Tuesday, March 28, 2023

United States and China in opposite directions

Currently, the world’s two largest economies are following opposite paths.

While the US lands continue to show signs of warming, which is not very positive for the country’s central bank, the Chinese have accumulated negative data in recent weeks.

In recent days, information released on the United States economy confirms an affirmative sequence: retail sales, although practically stable, have increased by 0.7%, excluding fuel.

Here, it is easy to see how the country wants and is able to consume: after the ninth consecutive drop in fuel prices, consumers took advantage of the slack in the budget to buy other products. It is not by chance that furniture, electronics and electronics registered significant increases in the month of July, as shown by numerous surveys.

This phenomenon is directly linked to a very heated job market. The fact is that if all the unemployed Americans were performing some function, it would still not be enough to fill all the vacancies: 1.8 for each person looking for work.

In addition, there are 19 consecutive months of net job creation; in July alone, more than half a million vacancies were created. This table shows the strength of the labor market in that country, which deals with only one limiting fact: gross salary increases are no longer keeping up with inflation, which runs above 8% per year (yy).

The number of jobless claims also remains low, at around 246,000 weekly – slightly higher than before the pandemic, when it reached 220,000, but still very low.

In addition, industrial production in July increased by 0.6%, highlighting the significant increases in the automotive (6.6%) and manufacturing (0.7%) sectors. The US industry has recorded the highest level in history, with installed capacity utilization at 80.3%, a dangerous level for inflationary pressures.

At this juncture, only the real estate sector is suffering the impacts of high interest rates, although it still shows extremely encouraging levels. Although the average price of a home has dropped from US$413,800 to US$403,800, it is still 10% above the same period last year, meaning the adjustment is quite slow.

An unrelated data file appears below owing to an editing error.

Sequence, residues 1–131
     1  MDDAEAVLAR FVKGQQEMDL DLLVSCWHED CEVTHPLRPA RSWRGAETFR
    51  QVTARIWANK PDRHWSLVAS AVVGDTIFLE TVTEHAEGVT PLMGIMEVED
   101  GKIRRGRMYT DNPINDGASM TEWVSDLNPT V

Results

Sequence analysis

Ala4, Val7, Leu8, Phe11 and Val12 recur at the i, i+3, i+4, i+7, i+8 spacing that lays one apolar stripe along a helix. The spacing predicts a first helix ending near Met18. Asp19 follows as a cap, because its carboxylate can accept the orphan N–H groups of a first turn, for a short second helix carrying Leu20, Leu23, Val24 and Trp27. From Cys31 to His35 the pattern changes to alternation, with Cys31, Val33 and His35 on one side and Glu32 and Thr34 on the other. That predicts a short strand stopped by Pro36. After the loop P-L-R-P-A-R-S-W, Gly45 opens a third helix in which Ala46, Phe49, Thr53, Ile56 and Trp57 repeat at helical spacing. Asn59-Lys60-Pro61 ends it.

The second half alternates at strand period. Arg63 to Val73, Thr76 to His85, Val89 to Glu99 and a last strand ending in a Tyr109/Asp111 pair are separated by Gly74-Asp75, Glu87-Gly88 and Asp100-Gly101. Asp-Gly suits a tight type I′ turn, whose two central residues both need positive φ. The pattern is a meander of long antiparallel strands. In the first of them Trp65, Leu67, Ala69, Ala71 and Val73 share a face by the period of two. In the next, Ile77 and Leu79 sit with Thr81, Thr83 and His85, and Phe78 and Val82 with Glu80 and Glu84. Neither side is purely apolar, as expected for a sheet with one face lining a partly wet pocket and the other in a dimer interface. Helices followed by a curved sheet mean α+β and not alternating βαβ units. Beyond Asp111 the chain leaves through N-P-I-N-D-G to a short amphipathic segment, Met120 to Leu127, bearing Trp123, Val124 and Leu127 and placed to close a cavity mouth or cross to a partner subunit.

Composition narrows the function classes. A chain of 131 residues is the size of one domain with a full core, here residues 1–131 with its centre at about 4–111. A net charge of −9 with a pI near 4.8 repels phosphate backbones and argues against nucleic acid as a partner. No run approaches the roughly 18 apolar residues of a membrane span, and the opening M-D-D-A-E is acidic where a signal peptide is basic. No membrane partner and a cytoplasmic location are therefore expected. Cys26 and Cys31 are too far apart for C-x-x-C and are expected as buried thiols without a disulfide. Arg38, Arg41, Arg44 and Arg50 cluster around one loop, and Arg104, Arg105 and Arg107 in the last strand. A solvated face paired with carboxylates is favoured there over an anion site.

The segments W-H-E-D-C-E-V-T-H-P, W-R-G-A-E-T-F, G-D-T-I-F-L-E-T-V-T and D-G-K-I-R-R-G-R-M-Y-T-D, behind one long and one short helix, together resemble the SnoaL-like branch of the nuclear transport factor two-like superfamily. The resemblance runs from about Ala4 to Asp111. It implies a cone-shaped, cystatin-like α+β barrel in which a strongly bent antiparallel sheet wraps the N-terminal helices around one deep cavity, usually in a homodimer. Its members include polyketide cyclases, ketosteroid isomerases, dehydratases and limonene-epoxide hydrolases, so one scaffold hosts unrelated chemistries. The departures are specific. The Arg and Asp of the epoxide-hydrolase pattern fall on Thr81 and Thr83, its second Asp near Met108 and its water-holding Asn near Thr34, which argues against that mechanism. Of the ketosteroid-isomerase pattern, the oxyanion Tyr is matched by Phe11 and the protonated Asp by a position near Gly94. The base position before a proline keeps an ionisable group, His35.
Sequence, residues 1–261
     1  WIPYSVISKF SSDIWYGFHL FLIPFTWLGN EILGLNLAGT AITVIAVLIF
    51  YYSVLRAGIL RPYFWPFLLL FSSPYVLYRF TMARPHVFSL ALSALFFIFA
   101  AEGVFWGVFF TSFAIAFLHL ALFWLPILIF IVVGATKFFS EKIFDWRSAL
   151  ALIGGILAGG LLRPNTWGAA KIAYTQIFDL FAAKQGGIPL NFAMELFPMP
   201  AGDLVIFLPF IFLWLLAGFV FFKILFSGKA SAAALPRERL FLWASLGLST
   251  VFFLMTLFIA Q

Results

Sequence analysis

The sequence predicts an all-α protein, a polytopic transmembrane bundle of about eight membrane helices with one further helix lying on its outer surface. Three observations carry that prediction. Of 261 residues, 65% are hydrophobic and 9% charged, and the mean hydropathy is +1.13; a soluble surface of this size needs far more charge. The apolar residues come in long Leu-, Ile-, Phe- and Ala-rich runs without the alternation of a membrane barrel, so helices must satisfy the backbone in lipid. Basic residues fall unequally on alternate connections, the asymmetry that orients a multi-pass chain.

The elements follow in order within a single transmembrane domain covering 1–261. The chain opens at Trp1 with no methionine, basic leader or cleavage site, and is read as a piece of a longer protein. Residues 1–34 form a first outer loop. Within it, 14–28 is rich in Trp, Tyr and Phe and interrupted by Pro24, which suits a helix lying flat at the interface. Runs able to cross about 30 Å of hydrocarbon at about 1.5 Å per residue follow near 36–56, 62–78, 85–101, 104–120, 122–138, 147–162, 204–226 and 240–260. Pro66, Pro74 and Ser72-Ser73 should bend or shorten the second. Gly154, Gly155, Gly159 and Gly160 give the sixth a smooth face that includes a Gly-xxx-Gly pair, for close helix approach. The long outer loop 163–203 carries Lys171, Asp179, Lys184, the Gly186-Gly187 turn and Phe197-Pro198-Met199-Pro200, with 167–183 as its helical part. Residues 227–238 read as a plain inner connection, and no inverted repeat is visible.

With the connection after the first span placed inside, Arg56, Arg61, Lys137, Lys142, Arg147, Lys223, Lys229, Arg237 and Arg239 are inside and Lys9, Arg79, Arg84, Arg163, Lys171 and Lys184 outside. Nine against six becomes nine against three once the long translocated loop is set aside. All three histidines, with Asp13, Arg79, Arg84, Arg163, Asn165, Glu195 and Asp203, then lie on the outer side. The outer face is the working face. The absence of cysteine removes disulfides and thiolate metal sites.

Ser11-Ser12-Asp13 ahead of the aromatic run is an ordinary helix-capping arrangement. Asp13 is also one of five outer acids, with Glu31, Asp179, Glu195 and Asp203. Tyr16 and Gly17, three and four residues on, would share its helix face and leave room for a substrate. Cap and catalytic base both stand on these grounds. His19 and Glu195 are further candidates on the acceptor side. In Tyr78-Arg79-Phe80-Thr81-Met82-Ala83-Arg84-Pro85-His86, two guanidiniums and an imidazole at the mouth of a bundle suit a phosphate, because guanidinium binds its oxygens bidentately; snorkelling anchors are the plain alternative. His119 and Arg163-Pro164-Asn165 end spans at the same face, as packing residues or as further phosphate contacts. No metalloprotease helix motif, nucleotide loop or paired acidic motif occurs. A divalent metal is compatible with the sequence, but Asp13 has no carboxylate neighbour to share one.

On the other hand, China has been facing some problems. Following the example of the real estate sector, in terms of launches, there was a general drop of almost (absurdly!) 50% in one year. This greatly limits the finances of provincial governments, which derive most of their income from the sale of land.

On the other hand, retail sales, although they rose 2.7% in July, frustrated market expectations (5%), given that the base is very low. The same happened with industrial production: a rise of 3.8%, but lower than expected (4.6%). Meanwhile, car sales dropped 9.7%, and e-commerce fell 10%.

Furthermore, unemployment among younger Chinese is already over 20%. The country is not in a worse situation because exports are growing by almost 20%.

All these discouraging aspects are already causing revisions to the projection of the Chinese Gross Domestic Product (GDP) for 2022, with the number reaching 3.5%, contrary to the target of 5.5%, foreseen by the government of the Asian giant.

We are therefore living through a curious moment: growth and high inflation in the United States and a storm in China. Of course, this condition shouldn’t last long, but it still attracts attention.

Nation World News Desk
Nation World News Deskhttps://nationworldnews.com
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